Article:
United States Foreign Relations Since 1914 [CRN 83329]

350:
Discipline: History
Instructor: Madsen
Credits: 3
Day: B
Start: 1410
End: 1530
Field Work: Day 2 | October 16, 2019 | Morocco
Prerequisites: Completion of three (3) history credits AND no fewer than 45 total credits or by permission of the instructor Download Syllabus

Over the last century, the United States has played a critical role in world affairs. This course investigates American foreign policy since 1914, considering not just the aims of Washington policymakers, but using our voyage to see American policy from the vantage of affected parts of the globe as well. In particular, we will address the diplomacy surrounding major international conflicts (World Wars I & II, and the Cold War); global economic events (such as the Great Depression and financial globalization); and the process of decolonization and African independence. In addition, the course will investigate the primary interpretive frameworks historians use to make sense of American foreign relations—as well as the important questions that have preoccupied historical research.

Learning Outcomes:

To understand the main historical interpretations of American foreign policy since 1914, especially

  1. the causes and consequences of the two world wars
  2. the Great Depression
  3. the Cold War
  4. decolonization
  5. financial globalization and trade

Field Work

Country: Morocco
Day: 2
Date: October 16, 2019

Most Americans are unaware of the power exerted by the United States around the globe. They are usually even less aware of how the State Department—the country’s primary foreign policy institution—employs that power at the local level. We will have the rare opportunity to “pull back the curtain” on American foreign policy and see how diplomats operate abroad. We will visit the U.S. embassy in Rabat to speak with embassy staff and officers about their experience in the foreign service and how they influence other governments—particularly the Moroccan government, but also governments in Western Africa generally. In particular, we will get a sense of how directives coming from the Washington become action items for the field operatives in Rabat. From this we will have a clearer view of the power of the American foreign policy establishment as well as the limits to American influence abroad.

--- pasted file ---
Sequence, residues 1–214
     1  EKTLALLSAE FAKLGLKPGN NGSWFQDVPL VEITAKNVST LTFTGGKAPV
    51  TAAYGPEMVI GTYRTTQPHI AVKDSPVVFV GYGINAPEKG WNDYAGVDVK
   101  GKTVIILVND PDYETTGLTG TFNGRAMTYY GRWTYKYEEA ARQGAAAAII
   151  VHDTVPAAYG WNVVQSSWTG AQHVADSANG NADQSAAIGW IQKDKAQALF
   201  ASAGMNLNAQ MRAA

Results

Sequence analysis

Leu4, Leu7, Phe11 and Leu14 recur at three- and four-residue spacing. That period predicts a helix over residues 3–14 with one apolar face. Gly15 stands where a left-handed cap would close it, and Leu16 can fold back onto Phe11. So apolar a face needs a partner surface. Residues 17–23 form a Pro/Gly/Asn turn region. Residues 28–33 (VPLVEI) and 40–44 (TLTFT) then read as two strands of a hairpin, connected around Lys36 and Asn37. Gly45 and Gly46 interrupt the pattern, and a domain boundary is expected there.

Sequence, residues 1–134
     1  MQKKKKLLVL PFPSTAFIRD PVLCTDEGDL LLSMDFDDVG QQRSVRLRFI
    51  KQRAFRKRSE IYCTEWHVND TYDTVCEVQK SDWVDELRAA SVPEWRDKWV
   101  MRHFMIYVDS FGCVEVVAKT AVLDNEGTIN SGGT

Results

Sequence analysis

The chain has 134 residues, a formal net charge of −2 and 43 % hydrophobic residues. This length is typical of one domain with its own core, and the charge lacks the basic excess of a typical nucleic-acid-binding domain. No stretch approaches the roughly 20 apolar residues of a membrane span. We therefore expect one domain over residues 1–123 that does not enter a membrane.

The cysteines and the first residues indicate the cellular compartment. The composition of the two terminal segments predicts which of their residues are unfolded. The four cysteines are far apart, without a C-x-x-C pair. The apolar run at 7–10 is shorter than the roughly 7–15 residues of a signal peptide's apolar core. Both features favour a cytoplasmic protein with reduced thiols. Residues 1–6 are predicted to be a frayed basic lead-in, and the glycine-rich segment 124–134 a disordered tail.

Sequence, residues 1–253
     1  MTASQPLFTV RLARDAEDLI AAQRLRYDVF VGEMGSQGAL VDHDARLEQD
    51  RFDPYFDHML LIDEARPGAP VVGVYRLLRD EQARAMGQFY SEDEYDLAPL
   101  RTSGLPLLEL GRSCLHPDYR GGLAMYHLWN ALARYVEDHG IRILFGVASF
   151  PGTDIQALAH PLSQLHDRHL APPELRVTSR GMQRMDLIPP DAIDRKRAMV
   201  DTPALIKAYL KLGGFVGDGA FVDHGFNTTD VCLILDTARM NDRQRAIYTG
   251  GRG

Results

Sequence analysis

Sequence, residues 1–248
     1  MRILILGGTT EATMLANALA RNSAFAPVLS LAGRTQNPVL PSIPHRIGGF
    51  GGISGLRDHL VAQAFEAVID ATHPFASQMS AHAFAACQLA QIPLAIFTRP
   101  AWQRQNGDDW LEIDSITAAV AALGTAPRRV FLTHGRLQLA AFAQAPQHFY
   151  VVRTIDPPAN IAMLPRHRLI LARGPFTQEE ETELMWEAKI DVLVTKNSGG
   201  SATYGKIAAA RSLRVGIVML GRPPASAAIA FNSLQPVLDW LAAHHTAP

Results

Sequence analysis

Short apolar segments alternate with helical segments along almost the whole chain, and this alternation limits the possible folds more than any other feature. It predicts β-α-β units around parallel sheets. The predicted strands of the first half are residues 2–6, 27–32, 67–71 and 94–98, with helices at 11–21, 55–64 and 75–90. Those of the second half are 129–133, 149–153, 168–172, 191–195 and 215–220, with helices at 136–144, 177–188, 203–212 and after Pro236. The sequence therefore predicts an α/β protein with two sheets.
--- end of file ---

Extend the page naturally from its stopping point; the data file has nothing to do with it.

Learning Objectives:

  1. To better understand the United States’ foreign policy
  2. To see how the State Department implements American aims abroad
  3. To gain a deeper appreciation of the issues and interests of the United States in Morocco (and Western Africa generally)